Herlihy was taken to the hospital, Gittens says, though the police report contains no information about the extent of her injuries. Getzow retreated to a nearby crepe restaurant, where he was still in such an agitated state when the police arrived that it took several officers to restrain him, the report says. On July 25, Getzow entered a plea of not guilty to two felony assault charges and one misdemeanor assault charge.

After Getzow had waited for half an hour outside the courthouse conference room, his attorney finally emerged. While it is unknown what tenant and landlord settled on, this much is clear: Up until that point, Getzow had lived for seven months in his apartment without paying rent, and ten days later, he finally moved out of O'Reilly's building.


Getzow is getting pretty well known along the Polk Street corridor. Unlike other serial evictees, who move among different neighborhoods, all of his eight evictions in San Francisco have occurred in a 20-block area known as Lower Nob Hill. It includes lower Polk Street between California and McAllister, where a mishmash of businesses seem to defy traditional neighborhood classification. There are a lot of marginal residence hotels and older apartment buildings whose managers ask few questions of prospective tenants. It's a place where someone like Getzow can blend into the social spectrum that includes young professionals walking briskly between the upscale restaurants and wine bars, old bohemians sipping cappuccinos at cafes, and teenage street hustlers trolling the street for tricks.

Getzow tries to conceal himself as he moves out after his most recent eviction.
Jared Greunwald
Getzow tries to conceal himself as he moves out after his most recent eviction.
Getzow leaving the courthouse 
after a hearing on his assault charges.
Roscoe Lydell
Getzow leaving the courthouse after a hearing on his assault charges.

Lynne Hubbard, the rental agent who screened Getzow, says the problems he caused put a heavy strain on her dealings with O'Reilly, and they eventually severed their business relationship. Hubbard has seen Getzow walking along Polk, and heard that he moved into another building nearby. "Why does he have to stay in this neighborhood?" Hubbard says as she watches the bustling foot traffic from the Crepe House restaurant. "He's ripped off so many people here, and he continues to eat and drink and hang out in this neighborhood. And we have to watch him."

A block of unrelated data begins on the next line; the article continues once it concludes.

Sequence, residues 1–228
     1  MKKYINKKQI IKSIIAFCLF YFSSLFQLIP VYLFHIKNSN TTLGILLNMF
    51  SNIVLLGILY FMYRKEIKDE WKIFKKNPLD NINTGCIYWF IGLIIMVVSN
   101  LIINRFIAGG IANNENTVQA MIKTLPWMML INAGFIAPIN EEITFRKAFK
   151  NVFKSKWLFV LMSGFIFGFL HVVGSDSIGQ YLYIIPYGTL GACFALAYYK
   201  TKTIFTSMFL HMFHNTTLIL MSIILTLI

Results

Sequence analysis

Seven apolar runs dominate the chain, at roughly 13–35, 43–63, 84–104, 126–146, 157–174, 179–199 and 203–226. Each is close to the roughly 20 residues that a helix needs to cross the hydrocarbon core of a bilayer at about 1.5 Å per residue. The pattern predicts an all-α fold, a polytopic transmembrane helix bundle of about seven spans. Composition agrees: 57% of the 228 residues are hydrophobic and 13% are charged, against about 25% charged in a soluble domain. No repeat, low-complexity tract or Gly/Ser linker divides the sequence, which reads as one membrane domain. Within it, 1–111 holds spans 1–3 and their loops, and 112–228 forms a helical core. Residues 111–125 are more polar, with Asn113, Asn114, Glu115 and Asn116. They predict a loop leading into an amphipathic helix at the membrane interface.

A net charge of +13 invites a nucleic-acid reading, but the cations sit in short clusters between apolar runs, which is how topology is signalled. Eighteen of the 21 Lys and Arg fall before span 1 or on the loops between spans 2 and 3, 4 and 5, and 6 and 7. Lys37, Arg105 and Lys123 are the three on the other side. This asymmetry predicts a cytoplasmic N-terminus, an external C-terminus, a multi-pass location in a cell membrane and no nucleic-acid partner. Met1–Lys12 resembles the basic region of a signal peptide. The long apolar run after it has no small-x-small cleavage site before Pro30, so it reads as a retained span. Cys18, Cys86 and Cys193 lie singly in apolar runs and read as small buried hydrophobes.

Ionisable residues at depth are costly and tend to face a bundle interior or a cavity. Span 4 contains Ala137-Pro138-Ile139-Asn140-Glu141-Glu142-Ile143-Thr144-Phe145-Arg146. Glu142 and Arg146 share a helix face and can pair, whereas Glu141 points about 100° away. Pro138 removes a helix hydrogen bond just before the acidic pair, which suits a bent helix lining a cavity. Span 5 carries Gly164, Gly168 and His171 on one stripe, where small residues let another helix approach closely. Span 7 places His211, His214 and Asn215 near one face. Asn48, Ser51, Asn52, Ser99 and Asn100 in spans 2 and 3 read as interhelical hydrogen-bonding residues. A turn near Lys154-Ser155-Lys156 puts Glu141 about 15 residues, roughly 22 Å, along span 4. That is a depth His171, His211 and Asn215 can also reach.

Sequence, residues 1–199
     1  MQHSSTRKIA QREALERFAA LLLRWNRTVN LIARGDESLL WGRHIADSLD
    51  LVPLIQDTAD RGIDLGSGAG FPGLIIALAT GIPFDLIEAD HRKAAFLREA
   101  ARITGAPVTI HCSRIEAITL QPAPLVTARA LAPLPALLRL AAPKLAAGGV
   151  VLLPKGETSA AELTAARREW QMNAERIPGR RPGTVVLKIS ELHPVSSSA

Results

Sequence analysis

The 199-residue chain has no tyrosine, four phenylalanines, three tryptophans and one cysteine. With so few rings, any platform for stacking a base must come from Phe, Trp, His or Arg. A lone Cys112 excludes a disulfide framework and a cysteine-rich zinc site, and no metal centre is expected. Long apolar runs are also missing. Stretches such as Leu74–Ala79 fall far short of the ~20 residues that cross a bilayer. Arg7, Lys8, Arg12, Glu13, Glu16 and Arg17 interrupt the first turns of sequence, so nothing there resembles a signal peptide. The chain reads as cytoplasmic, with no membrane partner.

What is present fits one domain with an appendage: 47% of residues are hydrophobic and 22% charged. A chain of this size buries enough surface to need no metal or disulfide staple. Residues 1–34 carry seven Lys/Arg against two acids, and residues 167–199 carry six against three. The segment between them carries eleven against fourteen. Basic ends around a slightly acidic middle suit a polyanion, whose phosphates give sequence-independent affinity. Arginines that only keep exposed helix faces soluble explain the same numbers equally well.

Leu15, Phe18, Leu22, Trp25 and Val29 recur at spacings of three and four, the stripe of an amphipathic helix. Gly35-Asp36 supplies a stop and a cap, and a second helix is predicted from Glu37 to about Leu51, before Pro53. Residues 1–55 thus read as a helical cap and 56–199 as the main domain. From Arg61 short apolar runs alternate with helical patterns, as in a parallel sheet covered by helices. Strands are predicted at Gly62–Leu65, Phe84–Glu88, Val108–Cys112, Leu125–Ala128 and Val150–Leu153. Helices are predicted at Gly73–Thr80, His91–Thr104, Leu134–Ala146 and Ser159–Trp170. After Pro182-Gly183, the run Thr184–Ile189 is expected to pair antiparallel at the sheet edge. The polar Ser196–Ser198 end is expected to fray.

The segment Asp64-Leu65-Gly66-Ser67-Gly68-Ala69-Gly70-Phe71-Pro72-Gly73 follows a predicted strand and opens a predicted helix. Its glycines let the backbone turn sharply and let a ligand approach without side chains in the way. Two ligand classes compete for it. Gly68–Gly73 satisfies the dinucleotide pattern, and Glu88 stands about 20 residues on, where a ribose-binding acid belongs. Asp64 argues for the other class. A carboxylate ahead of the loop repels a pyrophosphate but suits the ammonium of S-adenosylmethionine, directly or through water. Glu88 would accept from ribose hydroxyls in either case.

Babcock, who got to know Getzow fairly well while they lived in the same building, says Getzow has a lot of potential, and it's a shame that it goes to waste. "If he just put the same energy into a profession that he puts into not paying rent and spending time in court, he would probably be a very successful man," he says.

On a windy afternoon in late May, Getzow was moving his belongings out of his room above the Holy Grail. O'Reilly stood stone-faced at the corner, watching the man who cost him thousands of dollars in lost rent and legal fees load his possessions into a vehicle. He was overheard telling one of his employees in a heavy Irish brogue, "I'm just glad to be rid of the bastard."

A couple of other residents couldn't help but laugh when they recognized the man helping Getzow as the manager of a small apartment building at 1470 California, just a few blocks away. "He's a real operator," one of them says. "I feel sorry for his new landlord. He's going to find out soon enough."

E-mail the writer to discuss the story: John.Geluardi@SFWeekly.com.

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